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How can the Milwaukee Bucks make the 2014 NBA Draft a memorable one? Follow these simple rules

The 2014 NBA Draft is finally here, and the landing spots for the top prospects are finally coming into focus. Wait...are they? No? OK, yeah...maybe not.

What we do know is that Jabari Parker and Andrew Wiggins are virtually everyone's guess to go 1-2 in some order on Thursday night, though there's still some doubt about whether Parker might sneak past presumptive favorite Wiggins when all is said and done. In case his opinion matters, Parker isn't among those expecting his name to be called first, as he reiterated his belief that he'll end up in Milwaukee during today's pre-draft media day in New York.

But otherwise? Well, we should probably expect the unexpected, though that doesn't mean the night's events will be completely unpredictable either. Different teams will have different motivations, but if you're looking for a cheat sheet on how Milwaukee can make the most of its night, here are a few guidelines:

1. Draft for talent, trade for need.

This one is fairly obvious, but it's a phrase John Hammond has recited in the past and figures to hold true again tonight.

For all the talk of upside vs. safe picks, length vs. athleticism, and polish vs. potential, the draft is ultimately all about picking the guy you think is going to be the best player. That might seem a bit reductive, but I think it's a good reminder that we shouldn't overthink the Bucks' motivations at #2; they're picking the guy who they think has the best chance of being a great player in Milwaukee--even if the Cavs' decision at #1 will presumably make the Bucks' selection somewhat anti-climactic.

So the "draft for talent" part may be somewhat obvious (and easier said than done), but what about the "trade for need" part? Conveniently, Andrew Wiggins and Jabari Parker could both be great fits in Milwaukee, though their arrival would also have clear ramifications on the team's depth chart--and thus also the Bucks' willingness to deal on draft night. So try to worry less about how Wiggins or Parker may or may not fit with other players on the roster, and instead think about how they might enable the Bucks to cash in other assets for additional picks or young players.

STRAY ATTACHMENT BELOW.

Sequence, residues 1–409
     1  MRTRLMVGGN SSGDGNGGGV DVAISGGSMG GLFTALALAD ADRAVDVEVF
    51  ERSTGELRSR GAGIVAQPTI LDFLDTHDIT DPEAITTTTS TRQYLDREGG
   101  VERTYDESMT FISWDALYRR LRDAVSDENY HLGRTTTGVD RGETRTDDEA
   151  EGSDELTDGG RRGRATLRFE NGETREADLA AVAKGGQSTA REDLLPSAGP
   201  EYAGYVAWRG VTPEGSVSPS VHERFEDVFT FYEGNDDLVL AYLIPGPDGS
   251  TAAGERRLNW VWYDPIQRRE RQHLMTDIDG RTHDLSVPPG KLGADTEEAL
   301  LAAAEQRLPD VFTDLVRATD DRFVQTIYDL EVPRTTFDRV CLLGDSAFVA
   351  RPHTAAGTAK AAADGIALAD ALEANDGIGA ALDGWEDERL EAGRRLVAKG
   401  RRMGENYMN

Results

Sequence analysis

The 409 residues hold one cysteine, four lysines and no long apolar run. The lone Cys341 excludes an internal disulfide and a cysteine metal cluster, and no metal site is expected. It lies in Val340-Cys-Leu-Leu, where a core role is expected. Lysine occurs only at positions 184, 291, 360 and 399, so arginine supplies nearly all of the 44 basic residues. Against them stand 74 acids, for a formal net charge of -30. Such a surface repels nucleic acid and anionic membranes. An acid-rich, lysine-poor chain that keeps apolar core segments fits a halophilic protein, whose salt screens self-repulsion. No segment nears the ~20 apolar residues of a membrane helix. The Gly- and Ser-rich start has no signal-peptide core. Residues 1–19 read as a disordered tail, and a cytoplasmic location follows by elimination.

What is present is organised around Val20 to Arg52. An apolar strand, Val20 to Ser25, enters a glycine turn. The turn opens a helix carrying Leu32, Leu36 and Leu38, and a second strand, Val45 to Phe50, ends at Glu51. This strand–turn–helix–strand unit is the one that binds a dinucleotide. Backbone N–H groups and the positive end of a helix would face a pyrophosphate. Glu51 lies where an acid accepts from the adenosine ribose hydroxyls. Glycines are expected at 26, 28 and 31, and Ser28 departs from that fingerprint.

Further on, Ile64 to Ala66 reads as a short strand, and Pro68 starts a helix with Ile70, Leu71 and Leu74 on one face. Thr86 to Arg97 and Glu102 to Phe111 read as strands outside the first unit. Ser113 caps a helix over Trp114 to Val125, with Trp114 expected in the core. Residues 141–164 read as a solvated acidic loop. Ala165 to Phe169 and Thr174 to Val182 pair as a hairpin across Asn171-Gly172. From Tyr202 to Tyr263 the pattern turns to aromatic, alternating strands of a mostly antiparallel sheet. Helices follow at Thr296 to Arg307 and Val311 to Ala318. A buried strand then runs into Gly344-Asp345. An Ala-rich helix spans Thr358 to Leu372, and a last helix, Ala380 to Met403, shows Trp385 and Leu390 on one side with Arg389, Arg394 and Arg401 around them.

Parker's arrival would seem to have the widest impact on the existing roster. His size and ability to play outside-in would likely make Ersan Ilyasova's stretch-four skillset rather redundant, especially at $8 million per season, and Parker could also end up stealing minutes from both John Henson (at the four) and Khris Middleton (at the three or small-ball four). Dealing Ilyasova would thus seem to be the obvious solution. Though his value has taken a hit after a miserable, injury-plagued 13/14 season, Ilyasova makes sense for any number of teams looking for a floor-stretching big man, and his value to a Bucks team looking to build for the future is more limited.

The Bucks would presumably have less urgency to deal one of their veterans if Wiggins is the pick, though that's not to say they shouldn't consider re-balancing the roster. While there's been no indication of Milwaukee's interest in moving Middleton--and with good reason--his long-term future would become murkier on a roster that features both Wiggins and Giannis Antetokounmpo. He'd always have a role as a bench shooter at the very least, but his value may never be higher than it is right now.

So here's the play for the Bucks:

  • If the pick is Parker: Try to find a team in the mid to late first round that could use Ilyasova's skillset and either doesn't want more raw youngsters or has multiple first round picks (ie Oklahoma City, Phoenix, Chicago). Take back some bad salary if you have to--the Bucks can afford it provided there's enough of an asset payoff (see more below).
  • If the pick is Wiggins: Test the market for Middleton. He may not be worth a lottery pick, but pairing him with another player (Henson? Ersan?) or some of the Bucks' 2nd rounders could presumably get you somewhere into the top half of the draft, right?
  • Regardless of who gets picked: Test the market for Henson, Brandon Knight and Larry Sanders. Hell, throw Nate Wolters in there, too. If ever there was a draft to add another first round pick, this is probably it, and there's no room for sentimentality when your team just went 15-67. The Bucks are clearly in rebuild mode, they have a number of young or in-their-prime players who would have value to the right team, and fans would be THRILLED to add a second pick in the top half of the first (for a non-ridiculous price).  SO LET'S DO THIS.

2. Focus on asset accumulation, not salary dumping.